Globally, there has been a rise in verbal and physical attacks on members of the media. On Wednesday, Nov. 28, visiting professor of politics Dr. Aaron Weinstein, Ph.D. led students through a discussion on press freedom at a Let’s Talk Politics event. Students filled the 70 McCormick Road first floor commons, sitting not only on chairs but also on the floor, and some leaned against the walls.
During the discussion, students and Weinstein identified problems with the relationship between politicians and the press and then tried to come up with ideas on how to fix these issues.
One of the difficulties identified was the recent murder of Washington Post columnist Jamal Khashoggi and the lack of presidential condemnation. Weinstein explained why this was different from history by posing the question, “What’s the thing that America has that it can leverage over other nations?”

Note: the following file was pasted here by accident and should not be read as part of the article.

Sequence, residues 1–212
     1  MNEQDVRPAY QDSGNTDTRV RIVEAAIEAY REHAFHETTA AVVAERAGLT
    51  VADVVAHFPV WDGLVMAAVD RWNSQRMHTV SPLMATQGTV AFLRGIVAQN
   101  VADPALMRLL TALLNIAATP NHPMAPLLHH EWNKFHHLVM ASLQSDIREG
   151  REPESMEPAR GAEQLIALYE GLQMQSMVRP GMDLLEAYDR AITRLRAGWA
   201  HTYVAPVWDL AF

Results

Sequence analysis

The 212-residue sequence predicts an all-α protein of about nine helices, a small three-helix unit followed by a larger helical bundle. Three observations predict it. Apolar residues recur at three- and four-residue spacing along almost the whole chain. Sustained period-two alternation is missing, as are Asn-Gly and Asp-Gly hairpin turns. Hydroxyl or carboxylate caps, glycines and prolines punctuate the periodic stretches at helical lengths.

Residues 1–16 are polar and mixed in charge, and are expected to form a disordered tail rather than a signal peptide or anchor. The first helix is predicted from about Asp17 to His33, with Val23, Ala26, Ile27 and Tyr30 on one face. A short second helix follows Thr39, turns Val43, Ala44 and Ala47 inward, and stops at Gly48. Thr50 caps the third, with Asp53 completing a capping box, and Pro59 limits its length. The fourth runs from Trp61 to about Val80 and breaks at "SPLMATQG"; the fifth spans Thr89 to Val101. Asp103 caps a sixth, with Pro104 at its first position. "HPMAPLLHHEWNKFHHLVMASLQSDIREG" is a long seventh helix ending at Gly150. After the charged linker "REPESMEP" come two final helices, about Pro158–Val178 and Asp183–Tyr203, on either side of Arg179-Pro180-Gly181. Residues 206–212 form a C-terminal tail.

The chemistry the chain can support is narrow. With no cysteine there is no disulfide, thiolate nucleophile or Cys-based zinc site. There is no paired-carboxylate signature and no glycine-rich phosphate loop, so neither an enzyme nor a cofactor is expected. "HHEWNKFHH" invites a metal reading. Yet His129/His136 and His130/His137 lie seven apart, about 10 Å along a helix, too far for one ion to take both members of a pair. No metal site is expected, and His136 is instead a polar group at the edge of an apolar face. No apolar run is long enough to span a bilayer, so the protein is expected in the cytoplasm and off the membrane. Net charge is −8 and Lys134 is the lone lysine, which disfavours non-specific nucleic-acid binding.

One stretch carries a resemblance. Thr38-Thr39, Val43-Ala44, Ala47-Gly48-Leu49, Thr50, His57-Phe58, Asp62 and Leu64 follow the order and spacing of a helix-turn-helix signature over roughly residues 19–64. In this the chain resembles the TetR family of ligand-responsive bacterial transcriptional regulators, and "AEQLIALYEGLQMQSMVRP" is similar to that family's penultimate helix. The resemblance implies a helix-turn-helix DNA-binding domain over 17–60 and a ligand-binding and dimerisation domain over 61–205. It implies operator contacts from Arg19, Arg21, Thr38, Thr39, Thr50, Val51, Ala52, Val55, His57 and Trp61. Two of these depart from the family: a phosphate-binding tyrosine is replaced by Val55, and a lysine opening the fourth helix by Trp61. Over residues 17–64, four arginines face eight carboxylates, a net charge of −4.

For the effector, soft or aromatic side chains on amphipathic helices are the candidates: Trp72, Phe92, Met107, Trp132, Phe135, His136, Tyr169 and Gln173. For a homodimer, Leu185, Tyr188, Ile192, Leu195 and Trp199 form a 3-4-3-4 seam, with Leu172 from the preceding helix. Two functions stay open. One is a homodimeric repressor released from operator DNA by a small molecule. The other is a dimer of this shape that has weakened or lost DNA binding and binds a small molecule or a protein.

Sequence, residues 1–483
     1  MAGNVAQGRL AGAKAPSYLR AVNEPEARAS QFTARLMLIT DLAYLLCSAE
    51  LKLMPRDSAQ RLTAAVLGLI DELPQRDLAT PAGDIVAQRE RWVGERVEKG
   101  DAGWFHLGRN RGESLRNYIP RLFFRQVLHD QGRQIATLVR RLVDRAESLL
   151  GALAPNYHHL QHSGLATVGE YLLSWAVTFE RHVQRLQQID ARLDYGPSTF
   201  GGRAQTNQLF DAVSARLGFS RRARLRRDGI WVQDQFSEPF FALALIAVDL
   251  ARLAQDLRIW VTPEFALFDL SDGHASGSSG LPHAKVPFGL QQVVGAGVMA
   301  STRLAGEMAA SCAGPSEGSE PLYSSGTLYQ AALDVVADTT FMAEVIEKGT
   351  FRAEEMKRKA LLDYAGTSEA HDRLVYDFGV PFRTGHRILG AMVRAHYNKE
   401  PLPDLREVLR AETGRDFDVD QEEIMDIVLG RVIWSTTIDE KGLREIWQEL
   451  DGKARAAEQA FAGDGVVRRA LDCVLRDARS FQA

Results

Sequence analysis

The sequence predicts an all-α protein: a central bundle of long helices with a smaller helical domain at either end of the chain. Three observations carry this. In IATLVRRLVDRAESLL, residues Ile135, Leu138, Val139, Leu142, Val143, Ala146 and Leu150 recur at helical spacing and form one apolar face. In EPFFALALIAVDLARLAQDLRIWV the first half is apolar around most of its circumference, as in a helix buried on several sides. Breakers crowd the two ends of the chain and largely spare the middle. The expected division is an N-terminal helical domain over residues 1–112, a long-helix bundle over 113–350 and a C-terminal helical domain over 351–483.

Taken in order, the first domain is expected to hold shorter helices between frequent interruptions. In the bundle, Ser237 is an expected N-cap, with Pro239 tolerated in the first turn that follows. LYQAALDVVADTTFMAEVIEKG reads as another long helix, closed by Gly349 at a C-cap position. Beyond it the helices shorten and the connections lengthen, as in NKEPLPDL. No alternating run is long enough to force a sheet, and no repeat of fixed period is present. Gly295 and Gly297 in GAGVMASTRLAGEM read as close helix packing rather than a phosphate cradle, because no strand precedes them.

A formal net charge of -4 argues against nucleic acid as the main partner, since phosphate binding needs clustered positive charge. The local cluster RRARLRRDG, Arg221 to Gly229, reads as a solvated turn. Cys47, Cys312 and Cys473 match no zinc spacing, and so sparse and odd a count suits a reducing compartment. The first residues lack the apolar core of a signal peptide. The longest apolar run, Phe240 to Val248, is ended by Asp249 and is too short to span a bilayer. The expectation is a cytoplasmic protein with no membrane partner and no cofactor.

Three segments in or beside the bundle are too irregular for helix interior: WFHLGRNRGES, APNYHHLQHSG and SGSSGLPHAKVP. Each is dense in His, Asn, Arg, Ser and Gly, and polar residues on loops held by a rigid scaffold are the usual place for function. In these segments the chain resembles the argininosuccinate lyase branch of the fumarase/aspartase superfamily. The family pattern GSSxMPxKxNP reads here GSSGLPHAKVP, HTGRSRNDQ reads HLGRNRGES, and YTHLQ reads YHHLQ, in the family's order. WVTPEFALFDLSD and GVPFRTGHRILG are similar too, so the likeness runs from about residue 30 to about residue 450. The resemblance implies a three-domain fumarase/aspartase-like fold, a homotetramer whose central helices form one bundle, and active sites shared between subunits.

That “thing” is that, historically, the United States sees itself as a moral nation. When this morality is not used on the global stage, Weinstein explained, “This traditional thing that America has done is no longer being done.”
Additional issues identified included clickbait or fake news, a lack of trust in media and the President calling the press the ‘enemy of the people.’ The lack of trust in media as well as politicians leads to a decline in political efficacy — citizens’ faith in government institutions and their feeling that they can make a difference.
“I think that challenging the integrity of the media, especially in a democracy, is really dangerous,” said Conor Chmiel ‘22, “but it was good to see that there are people who recognize it and come together to think about ways to combat it.”
Senior Jessica Held had similar sentiments and said, “It is assuring to know that we have professors here at Fairfield U who care about engaging the campus community in a conversation about what really makes America great – diversity of opinion.”
The room acknowledged that these are all issues that may be difficult to change. Weinstein ended the discussion by stating, “If you work really hard at it, you can fix some of these things,” and then reminding the students that there was a lot of pizza left.